The **pi()** function is one of the mathematical functions that is frequently used in PostgreSQL. This function returns the mathematical constant value of the **π** “pi”. The π is widely used in mathematical calculations and we can also use the mathematical value of **π** in Postgres by using this **pi()** function. In this blog, we will use the **pi()** function and understand how it works.

**How Does the pi() Function Work in PostgreSQL?**

The **pi()** function gives the mathematical constant value of **π**. The syntax of this function is:

SELECT PI();

The return type of this function is the **DOUBLE PRECISION** data type. Let’s execute the **pi()** function to see what it returns:

We can observe that the **pi()** function has returned the mathematical constant value of **π** and the data type returned by this function is **DOUBLE PRECISION**.

We can use it in expressions as well. Let’s see how.

**Example 1: pi()** **Function in PostgreSQL**

We can use the **pi()** function in expressions for example we can execute the following expression to get the desired output:

SELECT PI()* 2;

In the above expression, we have multiplied the constant value of **π** by 2. This will give the following output:

This is how we can use the **pi()** function in any expression.

**Example 2: Applying Functions on pi()** **Function in PostgreSQL**

We can apply some other function to the **pi()** function. Like, in the below query, we will be applying the ROUND() function to the **pi()** function.

SELECT ROUND(PI());

The query will return the rounded value of the **π** as an output.

Similarly, we can apply the CEILING() and FLOOR() functions on the **pi()** function like this:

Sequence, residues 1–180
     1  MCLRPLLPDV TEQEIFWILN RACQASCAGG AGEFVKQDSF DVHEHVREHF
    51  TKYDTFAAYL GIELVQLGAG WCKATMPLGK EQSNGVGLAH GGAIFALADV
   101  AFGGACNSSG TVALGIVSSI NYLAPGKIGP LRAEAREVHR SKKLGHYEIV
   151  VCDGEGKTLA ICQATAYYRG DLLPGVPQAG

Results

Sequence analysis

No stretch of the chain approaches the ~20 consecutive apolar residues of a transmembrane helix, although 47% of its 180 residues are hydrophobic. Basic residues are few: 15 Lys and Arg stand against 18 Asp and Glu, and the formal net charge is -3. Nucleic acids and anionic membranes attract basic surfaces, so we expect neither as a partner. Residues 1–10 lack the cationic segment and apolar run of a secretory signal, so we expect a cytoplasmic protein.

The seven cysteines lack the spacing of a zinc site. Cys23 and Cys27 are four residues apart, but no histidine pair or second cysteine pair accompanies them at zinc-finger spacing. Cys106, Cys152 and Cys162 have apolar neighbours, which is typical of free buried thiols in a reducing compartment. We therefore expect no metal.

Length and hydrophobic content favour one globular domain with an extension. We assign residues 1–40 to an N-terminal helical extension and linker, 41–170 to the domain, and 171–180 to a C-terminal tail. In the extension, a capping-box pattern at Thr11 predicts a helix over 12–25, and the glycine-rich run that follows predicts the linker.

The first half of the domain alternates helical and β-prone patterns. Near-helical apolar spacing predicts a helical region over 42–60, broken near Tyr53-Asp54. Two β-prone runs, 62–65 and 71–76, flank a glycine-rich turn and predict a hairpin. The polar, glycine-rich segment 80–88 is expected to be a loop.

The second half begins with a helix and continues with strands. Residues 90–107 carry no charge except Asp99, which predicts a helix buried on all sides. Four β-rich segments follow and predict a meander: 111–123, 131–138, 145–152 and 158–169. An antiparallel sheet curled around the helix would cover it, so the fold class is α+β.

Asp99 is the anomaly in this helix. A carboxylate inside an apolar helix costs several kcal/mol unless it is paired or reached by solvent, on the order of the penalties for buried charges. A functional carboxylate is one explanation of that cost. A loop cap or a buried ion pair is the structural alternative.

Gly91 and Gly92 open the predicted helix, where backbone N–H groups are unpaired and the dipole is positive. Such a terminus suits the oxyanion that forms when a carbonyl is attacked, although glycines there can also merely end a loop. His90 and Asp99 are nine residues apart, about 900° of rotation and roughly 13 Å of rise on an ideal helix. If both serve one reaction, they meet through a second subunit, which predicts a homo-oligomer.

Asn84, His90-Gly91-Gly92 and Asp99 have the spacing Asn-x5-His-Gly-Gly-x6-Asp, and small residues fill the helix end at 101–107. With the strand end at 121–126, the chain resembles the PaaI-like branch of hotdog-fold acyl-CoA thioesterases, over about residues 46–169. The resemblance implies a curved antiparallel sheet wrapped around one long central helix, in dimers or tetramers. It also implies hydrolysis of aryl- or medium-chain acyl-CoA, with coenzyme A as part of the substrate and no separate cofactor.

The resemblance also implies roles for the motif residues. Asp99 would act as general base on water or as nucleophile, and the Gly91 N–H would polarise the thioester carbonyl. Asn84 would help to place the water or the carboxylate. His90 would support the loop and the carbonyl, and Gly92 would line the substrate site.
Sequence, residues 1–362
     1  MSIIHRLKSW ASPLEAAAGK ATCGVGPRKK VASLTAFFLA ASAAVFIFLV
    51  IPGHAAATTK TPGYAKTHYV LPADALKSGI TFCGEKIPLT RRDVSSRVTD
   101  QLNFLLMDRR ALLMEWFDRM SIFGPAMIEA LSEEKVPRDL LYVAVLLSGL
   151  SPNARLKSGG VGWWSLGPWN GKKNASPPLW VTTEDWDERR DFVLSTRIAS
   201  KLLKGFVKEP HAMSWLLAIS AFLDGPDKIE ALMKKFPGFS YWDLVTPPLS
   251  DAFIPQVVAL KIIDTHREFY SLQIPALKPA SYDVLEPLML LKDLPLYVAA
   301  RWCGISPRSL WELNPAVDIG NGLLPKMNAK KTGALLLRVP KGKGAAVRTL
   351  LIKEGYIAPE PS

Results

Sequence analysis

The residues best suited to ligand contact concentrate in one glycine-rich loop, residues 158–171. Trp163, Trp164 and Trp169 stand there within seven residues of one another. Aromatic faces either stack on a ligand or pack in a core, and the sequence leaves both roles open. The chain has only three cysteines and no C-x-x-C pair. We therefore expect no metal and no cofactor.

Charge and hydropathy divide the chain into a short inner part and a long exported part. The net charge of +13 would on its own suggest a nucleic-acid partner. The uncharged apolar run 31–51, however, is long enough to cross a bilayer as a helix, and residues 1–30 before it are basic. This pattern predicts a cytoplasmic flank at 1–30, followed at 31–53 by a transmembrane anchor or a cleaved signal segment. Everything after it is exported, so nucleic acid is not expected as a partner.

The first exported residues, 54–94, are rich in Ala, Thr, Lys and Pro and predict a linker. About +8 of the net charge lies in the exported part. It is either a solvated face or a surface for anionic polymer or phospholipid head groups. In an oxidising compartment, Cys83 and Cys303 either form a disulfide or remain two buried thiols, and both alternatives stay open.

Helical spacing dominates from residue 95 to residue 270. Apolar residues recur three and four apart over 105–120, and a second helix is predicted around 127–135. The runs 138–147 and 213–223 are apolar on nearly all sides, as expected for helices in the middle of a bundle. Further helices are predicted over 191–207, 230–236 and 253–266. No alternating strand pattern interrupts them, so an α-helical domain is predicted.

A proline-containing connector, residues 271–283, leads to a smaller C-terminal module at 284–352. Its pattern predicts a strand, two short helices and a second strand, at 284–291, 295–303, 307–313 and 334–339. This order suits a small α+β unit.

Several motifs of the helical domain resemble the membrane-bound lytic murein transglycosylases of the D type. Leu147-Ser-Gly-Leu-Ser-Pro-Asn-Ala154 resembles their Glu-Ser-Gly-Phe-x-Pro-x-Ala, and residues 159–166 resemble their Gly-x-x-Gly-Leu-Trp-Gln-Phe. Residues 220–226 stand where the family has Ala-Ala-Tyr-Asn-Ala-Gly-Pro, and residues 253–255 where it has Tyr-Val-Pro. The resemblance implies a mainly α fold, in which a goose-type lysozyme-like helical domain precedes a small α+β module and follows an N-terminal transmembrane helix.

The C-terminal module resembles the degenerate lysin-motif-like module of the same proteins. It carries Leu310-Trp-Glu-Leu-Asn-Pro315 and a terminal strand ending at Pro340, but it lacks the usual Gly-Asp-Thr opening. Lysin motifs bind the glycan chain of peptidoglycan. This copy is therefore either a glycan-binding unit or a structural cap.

SELECT CEILING(PI()), FLOOR(PI());

The above query gives the ceiling and the floor value of the **π** in output.

In this simple way, we can apply functions on the **pi()** function.

**Example 3: Using PI() Function to Calculate the Circumference of Circle**

Another significant use case of the **pi()** function is calculating the circumference of circles. Let’s create the following table in which we will be calculating the circumference of the circle using the generated columns. The query can be written as:

CREATE TABLE circles ( circle_id SERIAL PRIMARY KEY, Radius INT NOT NULL, circumference DECIMAL GENERATED ALWAYS AS (2* PI()* Radius) STORED );

The query will successfully create the table. Now if we want to insert some values into the table, we will write the following query.

INSERT INTO circles(Radius) VALUES(1),(3),(5),(7),(9);

The values will be inserted in the “circles” table. The values will also be automatically inserted in the ”circumference” column because it is a generated column and the value of each row is computed by the expression provided i.e. “2* PI()* radius”. Now we will run the **SELECT** statement to get the table.

SELECT * FROM circles;

The output of this query is:

In this way, we can use the **pi()** function in a Postgres table to calculate the circumference of circles. There can be more use cases to apply the function in any table.

This was all about the basic functioning of the **pi()** function in Postgres.

**Conclusion**

Use the **pi()** function in PostgreSQL to get the mathematical constant value of **π**. We can use this function in different mathematical expressions where we need to use the value of **π**. In this article, we understood the workings of the **pi()** function with different examples and use cases.